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RFC 2750 - RSVP Extensions for Policy Control

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Network Working Group S. Herzog Request for Comments: 2750 IPHighway Updates: 2205 January 2000 Category: Standards Track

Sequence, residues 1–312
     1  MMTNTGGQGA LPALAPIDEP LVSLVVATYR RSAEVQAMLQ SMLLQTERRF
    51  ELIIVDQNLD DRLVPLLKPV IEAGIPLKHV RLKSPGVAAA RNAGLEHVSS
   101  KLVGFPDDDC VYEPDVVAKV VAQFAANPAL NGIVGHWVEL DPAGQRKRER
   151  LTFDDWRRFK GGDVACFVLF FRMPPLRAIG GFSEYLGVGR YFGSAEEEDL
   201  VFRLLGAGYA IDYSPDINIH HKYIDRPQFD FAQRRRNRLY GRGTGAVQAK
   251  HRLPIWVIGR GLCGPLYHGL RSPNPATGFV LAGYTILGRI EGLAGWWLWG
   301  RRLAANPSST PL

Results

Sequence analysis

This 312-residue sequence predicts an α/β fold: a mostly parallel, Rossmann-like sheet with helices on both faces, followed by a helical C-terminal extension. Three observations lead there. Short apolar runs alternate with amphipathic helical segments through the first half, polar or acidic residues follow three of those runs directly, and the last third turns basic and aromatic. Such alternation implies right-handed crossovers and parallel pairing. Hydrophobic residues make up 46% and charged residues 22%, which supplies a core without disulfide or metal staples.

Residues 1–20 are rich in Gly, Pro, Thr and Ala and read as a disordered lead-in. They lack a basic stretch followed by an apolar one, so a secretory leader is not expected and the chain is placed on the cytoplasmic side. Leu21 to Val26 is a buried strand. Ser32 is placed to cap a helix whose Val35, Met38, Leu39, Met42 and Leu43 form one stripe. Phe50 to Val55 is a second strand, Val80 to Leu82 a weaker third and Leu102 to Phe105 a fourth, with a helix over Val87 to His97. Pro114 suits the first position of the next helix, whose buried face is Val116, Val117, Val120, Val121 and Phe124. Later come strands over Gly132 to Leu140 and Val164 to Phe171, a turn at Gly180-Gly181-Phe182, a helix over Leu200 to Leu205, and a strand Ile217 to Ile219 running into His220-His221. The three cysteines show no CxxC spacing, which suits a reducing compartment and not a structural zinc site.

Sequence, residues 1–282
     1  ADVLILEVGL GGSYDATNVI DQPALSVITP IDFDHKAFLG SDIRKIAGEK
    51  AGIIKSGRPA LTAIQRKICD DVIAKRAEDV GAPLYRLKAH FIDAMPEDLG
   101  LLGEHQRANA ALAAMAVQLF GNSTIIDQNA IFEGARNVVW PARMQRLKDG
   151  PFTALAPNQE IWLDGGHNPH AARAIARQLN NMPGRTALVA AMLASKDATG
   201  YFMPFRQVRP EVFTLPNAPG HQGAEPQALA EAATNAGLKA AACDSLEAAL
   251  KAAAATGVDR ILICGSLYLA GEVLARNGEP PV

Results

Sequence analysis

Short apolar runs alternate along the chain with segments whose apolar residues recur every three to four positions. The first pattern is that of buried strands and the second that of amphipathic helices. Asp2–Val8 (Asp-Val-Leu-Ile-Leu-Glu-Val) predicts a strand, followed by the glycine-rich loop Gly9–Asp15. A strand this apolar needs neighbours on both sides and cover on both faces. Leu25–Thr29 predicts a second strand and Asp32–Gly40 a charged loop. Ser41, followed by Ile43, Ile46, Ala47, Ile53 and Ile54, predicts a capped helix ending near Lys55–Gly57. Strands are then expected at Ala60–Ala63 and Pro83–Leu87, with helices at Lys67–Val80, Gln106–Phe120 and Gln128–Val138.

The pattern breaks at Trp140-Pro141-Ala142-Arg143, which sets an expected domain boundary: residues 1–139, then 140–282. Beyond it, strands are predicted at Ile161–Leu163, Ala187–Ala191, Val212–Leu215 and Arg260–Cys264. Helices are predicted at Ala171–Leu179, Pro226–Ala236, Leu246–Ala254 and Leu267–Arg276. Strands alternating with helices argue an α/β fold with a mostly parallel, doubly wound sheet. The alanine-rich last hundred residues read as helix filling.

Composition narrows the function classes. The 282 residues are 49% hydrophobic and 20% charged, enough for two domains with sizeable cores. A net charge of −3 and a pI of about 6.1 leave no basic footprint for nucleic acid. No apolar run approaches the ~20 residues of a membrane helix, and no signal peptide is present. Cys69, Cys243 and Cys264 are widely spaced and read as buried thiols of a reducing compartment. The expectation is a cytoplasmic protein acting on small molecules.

RSVP Extensions for Policy Control Status of this Memo This document specifies an Internet standards track protocol for the Internet community, and requests discussion and suggestions for improvements. Please refer to the current edition of the "Internet Official Protocol Standards" (STD 1) for the standardization state and status of this protocol. Distribution of this memo is unlimited. Copyright Notice Copyright (C) The Internet Society (2000). All Rights Reserved. Abstract This memo presents a set of extensions for supporting generic policy based admission control in RSVP. It should be perceived as an extension to the RSVP functional specifications [RSVP] These extensions include the standard format of POLICY_DATA objects, and a description of RSVP's handling of policy events. This document does not advocate particular policy control mechanisms; however, a Router/Server Policy Protocol description for these extensions can be found in [RAP, COPS, COPS-RSVP]. Herzog Standards Track [Page 1] RFC 2750 RSVP Extensions for Policy Control January 2000 Table of Contents 1 Introduction.......................................................2 2 A Simple Scenario..................................................3 3 Policy Data Objects................................................3 3.1 Base Format.....................................................4 3.2 Options.........................................................4 3.3 Policy Elements.................................................7 3.4 Purging Policy State............................................7 4 Processing Rules...................................................8 4.1 Basic Signaling.................................................8 4.2 Default Handling for PIN nodes..................................8 4.3 Error Signaling.................................................9 5 IANA Considerations................................................9 6 Security Considerations............................................9 7 References........................................................10 8 Acknowledgments...................................................10 9 Author Information................................................10 Appendix A: Policy Error Codes......................................11 Appendix B: INTEGRITY computation for POLICY_DATA objects...........12 Full Copyright Statement ...........................................13 1 Introduction RSVP, by definition, discriminates between users, by providing some users with better service at the expense of others. Therefore, it is reasonable to expect that RSVP be accompanied by mechanisms for controlling and enforcing access and usage policies. Version 1 of the RSVP Functional Specifications [RSVP] left a placeholder for policy support in the form of POLICY_DATA object. The current RSVP Functional Specification describes the interface to admission (traffic) control that is based "only" on resource availability. In this document we describe a set of extensions to RSVP for supporting policy based admission control as well. The scope of this document is limited to these extensions and does not advocate specific architectures for policy based controls. For the purpose of this document we do not differentiate between Policy Decision Point (PDP) and Local Decision Point (LDPs) as described in [RAP]. The term PDP should be assumed to include LDP as well. Herzog Standards Track [Page 2] RFC 2750 RSVP Extensions for Policy Control January 2000 2 A Simple Scenario It is generally assumed that policy enforcement (at least in its initial stages) is likely to concentrate on border nodes between autonomous systems. Figure 1 illustrates a simple autonomous domain with two boundary nodes (A, C) which represent PEPs controlled by PDPs. A core node (B) represents an RSVP capable policy ignorant node (PIN) with capabilities limited to default policy handling (Section 4.2). PDP1 PDP2 | | | | +---+ +---+ +---+ | A +---------+ B +---------+ C | +---+ +---+ +---+ PEP2 PIN PEP2 Figure 1: Autonomous Domain scenario Here, policy objects transmitted across the domain traverse an intermediate PIN node (B) that is allowed to process RSVP message but considered non-trusted for handling policy information. This document describes processing rules for both PEP as well as PIN nodes. 3 Policy Data Objects POLICY_DATA objects are carried by RSVP messages and contain policy information. All policy-capable nodes (at any location in the network) can generate, modify, or remove policy objects, even when senders or receivers do not provide, and may not even be aware of policy data objects. The exchange of POLICY_DATA objects between policy-capable nodes along the data path, supports the generation of consistent end-to-end policies. Furthermore, such policies can be successfully deployed across multiple administrative domains when border nodes manipulate and translate POLICY_DATA objects according to established sets of bilateral agreements. The following extends section A.13 in [RSVP]. Herzog Standards Track [Page 3] RFC 2750 RSVP Extensions for Policy Control January 2000 3.1 Base Format POLICY_DATA class=14 o Type 1 POLICY_DATA object: Class=14, C-Type=1 +-------------+-------------+-------------+-------------+ | Length | POLICY_DATA | 1 | +---------------------------+-------------+-------------+ | Data Offset | 0 (reserved) | +---------------------------+-------------+-------------+ | | // Option List // | | +-------------------------------------------------------+ | | // Policy Element List // | | +-------------------------------------------------------+ Data Offset: 16 bits The offset in bytes of the data portion (from the first byte of the object header). Reserved: 16 bits Always 0. Option List: Variable length The list of options and their usage is defined in Section 3.2. Policy Element List: Variable length The contents of policy elements is opaque to RSVP. See more details in Section 3.3. 3.2 Options This section describes a set of options that may appear in POLICY_DATA objects. All policy options appear as RSVP objects but their semantic is modified when used as policy data options. Herzog Standards Track [Page 4] RFC 2750 RSVP Extensions for Policy Control January 2000 FILTER_SPEC object (list) or SCOPE object These objects describe the set of senders associated with the POLICY_DATA object. If none is provided, the policy information is assumed to be associated with all the flows of the session. These two types of objects are mutually exclusive, and cannot be mixed. In Packed FF Resv messages, this FILTER_SPEC option provides association between a reserved flow and its POLICY_DATA objects. In WF or SE styles, this option preserves the original flow/POLICY_DATA association as formed by PDPs, even across RSVP capable PINs. Such preservation is required since PIN nodes may change the list of reserved flows on a per-hop basis, irrespective of legitimate Edge-to-Edge PDP policy considerations. Last, the SCOPE object should be used to prevent "policy loops" in a manner similar to the one described in [RSVP], Section 3.4. When PIN nodes are part of a WF reservation path, the RSVP SCOPE object is unable to prevent policy loops and the separate policy SCOPE object is required. Note: using the SCOPE option may have significant impact on scaling and size of POLICY_DATA objects. Originating RSVP_HOP The RSVP_HOP object identifies the neighbor/peer policy-capable node that constructed the policy object. When policy is enforced at border nodes, peer policy nodes may be several RSVP hops away from each other and the originating RSVP_HOP is the basis for the mechanism that allows them to recognize each other and communicate safely and directly. If no RSVP_HOP object is present, the policy data is implicitly assumed to have been constructed by the RSVP_HOP indicated in the RSVP message itself (i.e., the neighboring RSVP node is policy- capable). Destination RSVP_HOP A second RSVP_HOP object may follow the originating RSVP_HOP object. This second RSVP_HOP identifies the destination policy node. This is used to ensure the POLICY_DATA object is delivered to targeted policy nodes. It may be used to emulate unicast delivery in multicast Path messages. It may also help prevent using a policy object in other parts of the network (replay attack). Herzog Standards Track [Page 5] RFC 2750 RSVP Extensions for Policy Control January 2000 On the receiving side, a policy node should ignore any POLICY_DATA that includes a destination RSVP_HOP that doesn't match its own IP address. INTEGRITY Object Figure 1 (Section 2) provides an example where POLICY_DATA objects are transmitted between boundary nodes while traversing non-secure PIN nodes. In this scenario, the RSVP integrity mechanism becomes ineffective since it places policy trust with intermediate PIN nodes (which are trusted to perform RSVP signaling but not to perform policy decisions or manipulations). The INTEGRITY object option inside POLICY_DATA object creates direct secure communications between non-neighboring PEPs (and their controlling PDPs) without involving PIN nodes. This option can be used at the discretion of PDPs, and is computed in a manner described in Appendix B. Policy Refresh TIME_VALUES (PRT) The Policy Refresh TIME_VALUES (PRT) option is used to slow policy refresh frequency for policies that have looser timing constraints relative to RSVP. If the PRT option is present, policy refreshes can be withheld as long as at least one refresh is sent before the policy refresh timer expires. A minimal value for PRT is R; lower values are assumed to be R (neither error nor warning should be triggered). To simplify RSVP processing, time values are not based directly on the PRT value, but on a Policy Refresh Multiplier N computed as N=Floor(PRT/R). Refresh and cleanup rules are derived from [RSVP] Section 3.7 assuming the refresh period for PRT POLICY DATA is R' computed as R'=N*R. In effect, both the refresh and the state cleanup are slowed by a factor of N). The refresh multiplier applies to no-change periodic refreshes only (rather than updates). For example, a policy being refreshed at time T, T+N, T+2N,... may encounter a route change detected at T+X. In this case, the event would force an immediate policy update and would reset srfresh times to T+X+N, T+X+2N,... When network nodes restart, RSVP messages between PRT policy refreshes may be rejected since they arrive without necessary POLICY_DATA objects. This error situation would clear with the next periodic policy refresh or with a policy update triggered by ResvErr or PathErr messages. Herzog Standards Track [Page 6] RFC 2750 RSVP Extensions for Policy Control January 2000 This option is especially useful to combine strong (high overhead) and weak (low overhead) authentication certificates as policy data. In such schemes the weak certificate can support admitting a reservation only for a limited time, after which the strong certificate is required. This approach may reduce the overhead of POLICY_DATA processing. Strong certificates could be transmitted less frequently, while weak certificates are included in every RSVP refresh. 3.3 Policy Elements The content of policy elements is opaque to RSVP; their internal format is understood by policy peers e.g. an RSVP Local Decision Point (LDP) or a Policy Decision Point (PDP) [RAP]. A registry of policy element codepoints and their meaning is maintained by [IANA- CONSIDERATIONS] (also see Section 5). Policy Elements have the following format: +-------------+-------------+-------------+-------------+ | Length | P-Type | +---------------------------+---------------------------+ | | // Policy information (Opaque to RSVP) // | | +-------------------------------------------------------+ 3.4 Purging Policy State Policy state expires in the granularity of Policy Elements (POLICY_DATA objects are mere containers and do not expire as such). Policy elements expire in the exact manner and time as the RSVP state received in the same message (see [RSVP] Section 3.7). PRT controlled state expires N times slower (see Section 3.2). Only one policy element of a certain P-Type can be active at any given time. Therefore, policy elements are instantaneously replaced when another policy element of the same P-Type is received from the same PDP (previous or next policy RSVP_HOP). An empty policy element of a certain P-Type is used to delete (rather than a replace) all policy state of the same P-Type. Herzog Standards Track [Page 7] RFC 2750 RSVP Extensions for Policy Control January 2000 4 Processing Rules These sections describe the minimal required policy processing rules for RSVP. 4.1 Basic Signaling This memo mandates enforcing policy control for Path, Resv, PathErr, and ResvErr messages only. PathTear and ResvTear are assumed not to require policy control based on two main presumptions. First, that Integrity verification [MD5] guarantee that the Tear is received from the same node that sent the installed reservation, and second, that it is functionally equivalent to that node holding-off refreshes for this reservation. 4.2 Default Handling for PIN nodes Figure 1 illustrates an example of where policy data objects traverse PIN nodes in transit from one PEP to another. A PIN node is required at a minimum to forward the received POLICY_DATA objects in the appropriate outgoing messages according to the following rules: o POLICY_DATA objects are to be forwarded as is, without any modifications. o Multicast merging (splitting) nodes: In the upstream direction: When multiple POLICY_DATA objects arrive from downstream, the RSVP node should concatenate all of them (as a list of the original POLICY_DATA objects) and forward them with the outgoing (upstream) message. On the downstream direction: When a single incoming POLICY_DATA object arrives from upstream, it should be forwarded (copied) to all downstream branches of the multicast tree. The same rules apply to unrecognized policies (sub-objects) within the POLICY_DATA object. However, since this can only occur in a policy-capable node, it is the responsibility of the PDP and not RSVP. Herzog Standards Track [Page 8] RFC 2750 RSVP Extensions for Policy Control January 2000 4.3 Error Signaling Policy errors are reported by either ResvErr or PathErr messages with a policy failure error code in the ERROR_SPEC object. Policy error message must include a POLICY_DATA object; the object contains details of the error type and reason in a P-Type specific format (See Section 3.3). If a multicast reservation fails due to policy reasons, RSVP should not attempt to discover which reservation caused the failure (as it would do for Blockade State). Instead, it should attempt to deliver the policy ResvErr to ALL downstream hops, and have the PDP (or LDP) decide where messages should be sent. This mechanism allows the PDP to limit the error distribution by deciding which "culprit" next-hops should be informed. It also allows the PDP to prevent further distribution of ResvErr or PathErr messages by performing local repair (e.g. substituting the failed POLICY_DATA object with a different one). Error codes are described in Appendix Appendix A. 5 IANA Considerations RSVP Policy Elements (P-Types) Following the policies outlined in [IANA-CONSIDERATIONS],numbers 0-49151 are allocated as standard policy elements by IETF Consensus action, numbers in the range 49152-53247 are allocated as vendor specific (one per vendor) by First Come First Serve, and numbers 53248-65535 are reserved for private use and are not assigned by IANA. 6 Security Considerations This memo describes the use of POLICY_DATA objects to carry policy- related information between RSVP nodes. Two security mechanisms can be optionally used to ensure the integrity of the carried information. The first mechanism relies on RSVP integrity [MD5] to provide a chain of trust when all RSVP nodes are policy capable. The second mechanism relies on the INTEGRITY object within the POLICY_DATA object to guarantee integrity between non-neighboring RSVP PEPs (see Sections 2 and 3.2). Herzog Standards Track [Page 9] RFC 2750 RSVP Extensions for Policy Control January 2000 7 References [RAP] Yavatkar, R., Pendarakis, D. and R. Guerin, "A Framework for Policy Based Admission Control", RFC 2753, January 2000. [COPS] Boyle, J., Cohen, R., Durham, D., Herzog, S., Raja, R. and A. Sastry, "The COPS (Common Open Policy Service) Protocol", RFC 2748, January 2000. [COPS-RSVP] Boyle, J., Cohen, R., Durham, D., Herzog, S., Raja, R. and A. Sastry, "COPS Usage for RSVP", RFC 2749, January 2000. [RSVP] Braden, R., Ed., Zhang, L., Berson, S., Herzog, S. and S. Jamin, "Resource ReSerVation Protocol (RSVP) - Functional Specification", RFC 2205, September 1997. [MD5] Baker, F., Lindell B. and M. Talwar, "RSVP Cryptographic Authentication", RFC 2747, January 2000. [IANA-CONSIDERATIONS] Alvestrand, H. and T. Narten, "Guidelines for Writing an IANA Considerations Section in RFCs", BCP 26, RFC 2434, October 1998. 8 Acknowledgments This document incorporates inputs from Lou Berger, Bob Braden, Deborah Estrin, Roch Guerin, Timothy O'Malley, Dimitrios Pendarakis, Raju Rajan, Scott Shenker, Andrew Smith, Raj Yavatkar, and many others. 9 Author Information Shai Herzog IPHighway, Inc. 55 New York Avenue Framingham, MA 01701 Phone: (508) 620-1141 EMail: Herzog Standards Track [Page 10] RFC 2750 RSVP Extensions for Policy Control January 2000 Appendix A: Policy Error Codes This Appendix extends the list of error codes described in Appendix B of [RSVP]. Note that Policy Element specific errors are reported as described in Section 4.3 and cannot be reported through RSVP (using this mechanism). However, this mechanism provides a simple, less secure mechanism for reporting generic policy errors. Most likely the two would be used in concert such that a generic error code is provided by RSVP, while Policy Element specific errors are encapsulated in a return POLICY_DATA object (as in Section 4.3). ERROR_SPEC class = 6 Error Code = 02: Policy Control failure Error Value: 16 bit 0 = ERR_INFO : Information reporting 1 = ERR_WARN : Warning 2 = ERR_UNKNOWN : Reason unknown 3 = ERR_REJECT : Generic Policy Rejection 4 = ERR_EXCEED : Quota or Accounting violation 5 = ERR_PREEMPT : Flow was preempted 6 = ERR_EXPIRED : Previously installed policy expired (not refreshed) 7 = ERR_REPLACED: Previous policy data was replaced & caused rejection 8 = ERR_MERGE : Policies could not be merged (multicast) 9 = ERR_PDP : PDP down or non functioning 10= ERR_SERVER : Third Party Server (e.g., Kerberos) unavailable 11= ERR_PD_SYNTX: POLICY_DATA object has bad syntax 12= ERR_PD_INTGR: POLICY_DATA object failed Integrity Check 13= ERR_PE_BAD : POLICY_ELEMENT object has bad syntax 14= ERR_PD_MISS : Mandatory PE Missing (Empty PE is in the PD object) 15= ERR_NO_RSC : PEP Out of resources to handle policies. 16= ERR_RSVP : PDP encountered bad RSVP objects or syntax 17= ERR_SERVICE : Service type was rejected 18= ERR_STYLE : Reservation Style was rejected 19= ERR_FL_SPEC : FlowSpec was rejected (too large) Values between 2^15 and 2^16-1 can be used for site and/or vendor error values. Herzog Standards Track [Page 11] RFC 2750 RSVP Extensions for Policy Control January 2000 Appendix B: INTEGRITY computation for POLICY_DATA objects Computation of the INTEGRITY option is based on the rules set forth in [MD5], with the following modifications: Section 4.1: Rather than computing digest for an RSVP message, a digest is computed for a POLICY_DATA object in the following manner: (1) The INTEGRITY object is inserted in the appropriate place in the POLICY_DATA object, and its location in the message is remembered for later use. (2) The PDP, at its discretion, and based on destination PEP/PDP or other criteria, selects an Authentication Key and the hash algorithm to be used. (3) A copy of RSVP SESSION object is temporarily appended to the end of the PD object (for the computation purposes only, without changing the length of the POLICY_DATA object). The flags field of the SESSION object is set to 0. This concatenation is considered as the message for which a digest is to be computed. (4) The rest of the steps in Section 4.1 ((4)..(9)) remain unchanged when computed over the concatenated message. Note: When the computation is complete, the SESSION object is ignored and is not part of the POLICY_DATA object. Other Provisions: The processing of a received POLICY_DATA object as well as a challenge-response INTEGRITY object inside a POLICY_DATA object is performed in the manner described in [MD5]. This processing is subject to the modified computation algorithm as described in the beginning of this appendix (for Section 4.1 of [MD5]). Herzog Standards Track [Page 12] RFC 2750 RSVP Extensions for Policy Control January 2000 Full Copyright Statement Copyright (C) The Internet Society (2000). All Rights Reserved. This document and translations of it may be copied and furnished to others, and derivative works that comment on or otherwise explain it or assist in its implementation may be prepared, copied, published and distributed, in whole or in part, without restriction of any kind, provided that the above copyright notice and this paragraph are included on all such copies and derivative works. However, this document itself may not be modified in any way, such as by removing the copyright notice or references to the Internet Society or other Internet organizations, except as needed for the purpose of developing Internet standards in which case the procedures for copyrights defined in the Internet Standards process must be followed, or as required to translate it into languages other than English. The limited permissions granted above are perpetual and will not be revoked by the Internet Society or its successors or assigns. This document and the information contained herein is provided on an "AS IS" basis and THE INTERNET SOCIETY AND THE INTERNET ENGINEERING TASK FORCE DISCLAIMS ALL WARRANTIES, EXPRESS OR IMPLIED, INCLUDING BUT NOT LIMITED TO ANY WARRANTY THAT THE USE OF THE INFORMATION HEREIN WILL NOT INFRINGE ANY RIGHTS OR ANY IMPLIED WARRANTIES OF MERCHANTABILITY OR FITNESS FOR A PARTICULAR PURPOSE. Acknowledgement Funding for the RFC Editor function is currently provided by the Internet Society. Herzog Standards Track [Page 13]